Naval Group Australia signs subcontracts for Attack-class submarines

13 March 2020 (Last Updated March 13th, 2020 15:20)

PMB Defence and Systems Sunlight have been awarded subcontracts to design the main storage batteries for the Royal Australian Navy’s (RAN) Attack-class submarines.

Naval Group Australia signs subcontracts for Attack-class submarines
Attack-class submarines will replace the Australian Navy’s existing Collins-class vessels (pictured). Credit: US Navy photo by Mass Communication Specialist Seaman James R. Evans.

PMB Defence and Systems Sunlight have been awarded subcontracts to design the main storage batteries for the Royal Australian Navy’s (RAN) Attack-class submarines.

The subcontracts have been awarded by Naval Group Australia through a competitive process.

Under the A$50bn SEA 1000 Future Submarine programme, 12 Attack-class submarines will be designed and developed in Australia using an Australian workforce.

The submarines will be built at Osborne Naval Shipyard. The first submarine is expected to enter service in the early 2030s.

The Attack-class submarines will replace the Collins-class submarines.

Australian Defence Minister Linda Reynolds said: “The main storage batteries are the main source of power when the submarine is submerged.

“The selection of these two companies to develop designs of this subsystem is another significant milestone in the design and delivery of the Attack-class submarine programme.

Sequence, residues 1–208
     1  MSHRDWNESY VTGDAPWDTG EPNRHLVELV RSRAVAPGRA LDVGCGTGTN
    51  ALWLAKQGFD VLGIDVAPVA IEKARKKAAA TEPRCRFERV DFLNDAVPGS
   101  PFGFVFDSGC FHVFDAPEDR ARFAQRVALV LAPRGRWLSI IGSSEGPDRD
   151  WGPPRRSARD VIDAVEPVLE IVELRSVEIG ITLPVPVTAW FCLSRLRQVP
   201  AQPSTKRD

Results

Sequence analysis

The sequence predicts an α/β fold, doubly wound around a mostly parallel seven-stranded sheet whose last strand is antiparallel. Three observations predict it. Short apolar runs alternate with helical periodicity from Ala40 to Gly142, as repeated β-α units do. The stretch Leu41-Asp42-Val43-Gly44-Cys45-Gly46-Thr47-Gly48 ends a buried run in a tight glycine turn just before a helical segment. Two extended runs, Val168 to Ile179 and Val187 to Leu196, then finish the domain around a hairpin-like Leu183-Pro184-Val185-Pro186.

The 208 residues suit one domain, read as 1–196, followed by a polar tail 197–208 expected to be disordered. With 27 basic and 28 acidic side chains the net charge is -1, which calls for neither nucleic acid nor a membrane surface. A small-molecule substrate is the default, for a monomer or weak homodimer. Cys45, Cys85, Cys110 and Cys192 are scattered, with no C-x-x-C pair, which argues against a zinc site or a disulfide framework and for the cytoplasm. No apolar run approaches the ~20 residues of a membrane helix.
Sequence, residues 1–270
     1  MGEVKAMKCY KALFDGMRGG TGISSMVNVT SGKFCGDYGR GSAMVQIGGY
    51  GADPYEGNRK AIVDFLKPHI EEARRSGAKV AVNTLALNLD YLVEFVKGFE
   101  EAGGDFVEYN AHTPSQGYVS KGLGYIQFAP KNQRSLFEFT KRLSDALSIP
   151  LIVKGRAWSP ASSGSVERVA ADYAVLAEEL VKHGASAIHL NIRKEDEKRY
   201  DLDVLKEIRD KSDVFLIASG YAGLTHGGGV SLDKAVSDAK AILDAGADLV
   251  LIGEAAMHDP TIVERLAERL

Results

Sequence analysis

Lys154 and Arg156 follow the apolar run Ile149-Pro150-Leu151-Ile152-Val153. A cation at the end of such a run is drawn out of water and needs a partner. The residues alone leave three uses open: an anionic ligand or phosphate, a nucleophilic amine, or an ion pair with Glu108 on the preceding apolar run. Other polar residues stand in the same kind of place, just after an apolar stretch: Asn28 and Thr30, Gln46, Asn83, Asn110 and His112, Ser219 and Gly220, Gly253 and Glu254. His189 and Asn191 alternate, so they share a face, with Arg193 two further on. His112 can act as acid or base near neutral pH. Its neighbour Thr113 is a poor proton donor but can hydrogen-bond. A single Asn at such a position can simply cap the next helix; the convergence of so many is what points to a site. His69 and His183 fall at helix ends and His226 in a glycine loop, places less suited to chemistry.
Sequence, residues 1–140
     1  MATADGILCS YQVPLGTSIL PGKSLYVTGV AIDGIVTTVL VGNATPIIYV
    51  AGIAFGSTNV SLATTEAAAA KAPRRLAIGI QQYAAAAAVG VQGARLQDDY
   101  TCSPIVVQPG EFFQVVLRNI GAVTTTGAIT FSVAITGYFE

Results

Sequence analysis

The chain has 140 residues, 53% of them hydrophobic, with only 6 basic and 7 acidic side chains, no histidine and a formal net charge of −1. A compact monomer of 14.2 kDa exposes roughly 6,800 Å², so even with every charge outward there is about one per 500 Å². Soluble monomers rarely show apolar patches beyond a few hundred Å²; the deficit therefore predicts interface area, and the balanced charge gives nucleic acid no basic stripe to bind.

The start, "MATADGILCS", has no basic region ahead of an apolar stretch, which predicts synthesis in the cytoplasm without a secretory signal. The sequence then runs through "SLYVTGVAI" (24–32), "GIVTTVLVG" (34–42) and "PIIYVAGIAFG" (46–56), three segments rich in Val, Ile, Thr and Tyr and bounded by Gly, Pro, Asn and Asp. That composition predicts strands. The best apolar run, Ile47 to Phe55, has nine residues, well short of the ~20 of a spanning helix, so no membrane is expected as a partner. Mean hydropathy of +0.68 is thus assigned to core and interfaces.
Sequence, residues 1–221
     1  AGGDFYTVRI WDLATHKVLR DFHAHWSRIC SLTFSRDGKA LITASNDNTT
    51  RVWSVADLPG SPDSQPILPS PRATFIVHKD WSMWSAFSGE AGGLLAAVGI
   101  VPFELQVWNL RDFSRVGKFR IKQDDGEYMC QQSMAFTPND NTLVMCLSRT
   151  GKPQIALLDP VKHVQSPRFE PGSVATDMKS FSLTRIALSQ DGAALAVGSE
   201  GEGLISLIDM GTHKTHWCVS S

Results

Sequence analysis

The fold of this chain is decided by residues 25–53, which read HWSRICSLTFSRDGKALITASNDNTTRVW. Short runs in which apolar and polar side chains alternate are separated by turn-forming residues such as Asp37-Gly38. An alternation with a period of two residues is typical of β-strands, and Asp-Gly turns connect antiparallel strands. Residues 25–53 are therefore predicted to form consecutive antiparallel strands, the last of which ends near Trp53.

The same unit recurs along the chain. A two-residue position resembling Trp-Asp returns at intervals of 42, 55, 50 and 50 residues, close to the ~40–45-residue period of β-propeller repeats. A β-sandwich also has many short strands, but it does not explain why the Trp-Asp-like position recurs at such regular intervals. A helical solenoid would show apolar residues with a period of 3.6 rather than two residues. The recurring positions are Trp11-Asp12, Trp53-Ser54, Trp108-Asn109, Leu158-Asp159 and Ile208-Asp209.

“A competitive process will ensure the final designer selected will deliver the very best battery technology to meet the key performance requirements of the Attack-class submarine.”

Currently, Australian company PMB is engaged with the Australian defence to develop new battery technology.

The batteries developed under this contract are expected to replace lead-acid batteries over the Attack–class submarines’ service life.

The company is also under contract to deliver and sustain the Collins-class submarine fleet’s batteries.

Once the preferred battery design is finalised, manufacturers would be awarded contracts for battery production.

Australian Defence Industry Minister Melissa Price said: “I am pleased to confirm that regardless of whoever wins the preferred design, the main storage batteries will be manufactured in Australia.

“This commitment will provide enormous opportunities for more local companies to be part of this world-class advanced manufacturing project.

“It also demonstrates the Morrison Government’s commitment to Australian industry involvement across all elements of the Attack-class submarine programme.”